As a professed Luddite, I have resisted most forms of new technology. I don’t have a smart phone, I have been on Facebook less than six months and been texting for less than a year now, and my first thought when wondering about something is certainly not “Google it.”
Times change, and life with it! My new job title is web copywriter. I feel as if I have plunged into a foreign world. I don’t mind revealing I was surprised by the intricacies of writing for the web even though I teach adults the basics of grammar and sentence structure for Writing, and the concepts of tone and audience for Reading Comprehension.
As a teacher, I have pondered for some time now if the value of grammar and proper sentence structure has been completely abandoned. It’s no surprise the decline in the number of people reading books and the explosion of texting are seen as two of the culprits in the demise of grammar.
I used to wonder if those of us with a degree in English would have jobs in the future. Technology is changing how we do everything it seems. Having spent the last few months scouring the web and reading what some other people are writing, I have newfound excitement for the profession of writing and respect for the ability to express oneself well.
I confess, however, learning to write for the Internet has been enlightening to say the least. You can, indeed, Google anything!
A few things have shocked me as I attempt to master the Internet.
There are certain elements of writing: I know, I teach them! What I find curious is that so many copywriters have no idea of the fundamentals of writing.
I am really appalled by the number of professional looking websites that have content riddled with errors in sentence structure and syntax.
Do business owners just never read the content of their websites? Smart business owners care about the content because they understand the value of the elements of writing.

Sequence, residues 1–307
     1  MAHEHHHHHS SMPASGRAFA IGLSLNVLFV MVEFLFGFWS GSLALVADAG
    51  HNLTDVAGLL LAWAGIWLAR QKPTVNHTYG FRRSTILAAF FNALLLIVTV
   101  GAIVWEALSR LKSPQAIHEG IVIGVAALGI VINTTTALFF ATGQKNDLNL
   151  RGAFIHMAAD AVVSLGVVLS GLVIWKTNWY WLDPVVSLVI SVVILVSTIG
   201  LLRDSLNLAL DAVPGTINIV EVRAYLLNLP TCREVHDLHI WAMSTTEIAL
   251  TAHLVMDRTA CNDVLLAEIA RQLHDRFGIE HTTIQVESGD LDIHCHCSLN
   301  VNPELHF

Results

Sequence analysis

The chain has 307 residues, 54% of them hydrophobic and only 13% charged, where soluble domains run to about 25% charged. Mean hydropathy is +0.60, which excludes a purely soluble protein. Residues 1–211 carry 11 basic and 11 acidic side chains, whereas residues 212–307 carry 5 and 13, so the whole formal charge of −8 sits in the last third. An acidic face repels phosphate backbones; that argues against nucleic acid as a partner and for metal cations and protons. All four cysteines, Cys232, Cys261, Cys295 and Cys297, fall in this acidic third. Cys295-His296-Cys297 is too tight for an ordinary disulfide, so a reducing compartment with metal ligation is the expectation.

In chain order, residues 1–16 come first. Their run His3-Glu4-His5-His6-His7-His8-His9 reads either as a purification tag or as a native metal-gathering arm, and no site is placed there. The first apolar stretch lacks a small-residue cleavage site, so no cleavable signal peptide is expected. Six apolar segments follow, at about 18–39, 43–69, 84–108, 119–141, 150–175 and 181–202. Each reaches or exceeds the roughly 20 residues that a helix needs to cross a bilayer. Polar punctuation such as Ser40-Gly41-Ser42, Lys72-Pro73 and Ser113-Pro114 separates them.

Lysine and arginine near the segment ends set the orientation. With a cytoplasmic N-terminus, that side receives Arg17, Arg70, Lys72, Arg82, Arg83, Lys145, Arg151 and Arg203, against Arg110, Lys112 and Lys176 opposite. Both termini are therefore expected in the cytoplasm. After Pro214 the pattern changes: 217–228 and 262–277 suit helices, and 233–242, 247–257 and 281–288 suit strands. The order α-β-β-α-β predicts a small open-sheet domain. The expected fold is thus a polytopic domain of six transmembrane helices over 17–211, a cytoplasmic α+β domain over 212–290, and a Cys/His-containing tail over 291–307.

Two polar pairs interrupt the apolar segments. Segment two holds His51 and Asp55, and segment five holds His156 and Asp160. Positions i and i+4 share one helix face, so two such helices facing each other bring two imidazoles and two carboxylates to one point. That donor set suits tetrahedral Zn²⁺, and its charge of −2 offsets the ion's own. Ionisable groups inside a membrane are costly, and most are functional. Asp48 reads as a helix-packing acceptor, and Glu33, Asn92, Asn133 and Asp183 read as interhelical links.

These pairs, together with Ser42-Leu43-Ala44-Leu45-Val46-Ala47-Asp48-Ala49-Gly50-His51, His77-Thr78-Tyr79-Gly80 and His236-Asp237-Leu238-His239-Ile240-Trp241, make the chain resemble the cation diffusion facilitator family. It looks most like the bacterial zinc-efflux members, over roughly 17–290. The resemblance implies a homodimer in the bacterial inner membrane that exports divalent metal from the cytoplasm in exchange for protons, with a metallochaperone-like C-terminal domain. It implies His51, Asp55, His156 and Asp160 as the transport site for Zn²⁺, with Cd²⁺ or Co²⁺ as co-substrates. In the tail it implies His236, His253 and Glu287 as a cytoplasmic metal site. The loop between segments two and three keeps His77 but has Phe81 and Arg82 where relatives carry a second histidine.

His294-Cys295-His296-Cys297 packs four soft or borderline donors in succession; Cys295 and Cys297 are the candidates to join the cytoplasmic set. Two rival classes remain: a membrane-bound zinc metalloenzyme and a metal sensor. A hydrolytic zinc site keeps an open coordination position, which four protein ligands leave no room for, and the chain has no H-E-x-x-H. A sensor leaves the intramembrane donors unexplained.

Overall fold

I really thought my views on the value of proper sentence structure were skewed by the fact I have spent the last five years teaching college prep classes in writing and reading where many students don’t even know that the pronoun “I” is ALWAYS capitalized or that the word “but” builds a contrast.
Although all the hundreds of students I have taught notoriously confuse the usage of the words “then” and “than,” I had absolutely no idea how prevalent the problem is until spending so much time searching the Internet and reading the content of other copywriters.
Evidently, knowing the difference between “an” & “and” is also not widely understood. Really?!!
I realize writing changes and writing styles differ by medium or audience, but these are not spelling errors or typos. These misusages are far more pervasive than I would have thought possible. Yes, I realize many of my FB friends make these mistakes, but they are not being paid to write.
How can a person who writes in any medium make these types of errors? The more I surf the Internet, the more I value my writing skills and the less I fear my future job prospects.
When companies hire copywriters who are inept at the basics of writing, those companies are assured to lose customers. Like me, many people will not patronize a business whose advertising appears uneducated.
While I don’t expect the owners of businesses to be good writers, I certainly expect their written advertising to be grammatically correct.
As a business owner, you want to make sure that your business is being well-represented by having a solid web presence. The last thing you want to do is hire a novice to run your website or write your web copy.
Leave the content writing to those who are skilled!
Good writers need not fear the future. The world will always need those with the ability to impart information to others in logical, well-structured, grammatically correct sentences. Writing well is still important!